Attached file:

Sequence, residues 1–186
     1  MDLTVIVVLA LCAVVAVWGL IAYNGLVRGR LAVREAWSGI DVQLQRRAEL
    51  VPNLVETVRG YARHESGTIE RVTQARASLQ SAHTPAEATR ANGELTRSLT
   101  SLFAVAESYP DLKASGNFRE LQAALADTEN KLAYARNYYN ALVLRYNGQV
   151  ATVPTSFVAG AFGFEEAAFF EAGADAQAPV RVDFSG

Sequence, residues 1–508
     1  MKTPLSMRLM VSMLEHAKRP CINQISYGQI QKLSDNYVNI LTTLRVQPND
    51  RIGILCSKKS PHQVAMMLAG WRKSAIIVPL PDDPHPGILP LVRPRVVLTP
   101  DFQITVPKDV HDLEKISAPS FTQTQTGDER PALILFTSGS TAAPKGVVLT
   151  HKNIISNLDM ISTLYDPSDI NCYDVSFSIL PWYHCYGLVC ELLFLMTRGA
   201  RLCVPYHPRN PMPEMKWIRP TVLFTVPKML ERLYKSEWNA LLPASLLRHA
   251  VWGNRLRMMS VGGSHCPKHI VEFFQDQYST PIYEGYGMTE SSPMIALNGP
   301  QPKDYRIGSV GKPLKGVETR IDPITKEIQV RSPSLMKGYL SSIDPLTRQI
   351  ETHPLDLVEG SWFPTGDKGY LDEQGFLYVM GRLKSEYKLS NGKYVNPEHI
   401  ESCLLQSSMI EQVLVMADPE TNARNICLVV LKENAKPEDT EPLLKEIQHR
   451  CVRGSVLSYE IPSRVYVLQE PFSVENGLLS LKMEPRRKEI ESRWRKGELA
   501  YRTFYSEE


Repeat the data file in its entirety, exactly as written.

Sequence, residues 1–186
     1  MDLTVIVVLA LCAVVAVWGL IAYNGLVRGR LAVREAWSGI DVQLQRRAEL
    51  VPNLVETVRG YARHESGTIE RVTQARASLQ SAHTPAEATR ANGELTRSLT
   101  SLFAVAESYP DLKASGNFRE LQAALADTEN KLAYARNYYN ALVLRYNGQV
   151  ATVPTSFVAG AFGFEEAAFF EAGADAQAPV RVDFSG

Sequence, residues 1–508
     1  MKTPLSMRLM VSMLEHAKRP CINQISYGQI QKLSDNYVNI LTTLRVQPND
    51  RIGILCSKKS PHQVAMMLAG WRKSAIIVPL PDDPHPGILP LVRPRVVLTP
   101  DFQITVPKDV HDLEKISAPS FTQTQTGDER PALILFTSGS TAAPKGVVLT
   151  HKNIISNLDM ISTLYDPSDI NCYDVSFSIL PWYHCYGLVC ELLFLMTRGA
   201  RLCVPYHPRN PMPEMKWIRP TVLFTVPKML ERLYKSEWNA LLPASLLRHA
   251  VWGNRLRMMS VGGSHCPKHI VEFFQDQYST PIYEGYGMTE SSPMIALNGP
   301  QPKDYRIGSV GKPLKGVETR IDPITKEIQV RSPSLMKGYL SSIDPLTRQI
   351  ETHPLDLVEG SWFPTGDKGY LDEQGFLYVM GRLKSEYKLS NGKYVNPEHI
   401  ESCLLQSSMI EQVLVMADPE TNARNICLVV LKENAKPEDT EPLLKEIQHR
   451  CVRGSVLSYE IPSRVYVLQE PFSVENGLLS LKMEPRRKEI ESRWRKGELA
   501  YRTFYSEE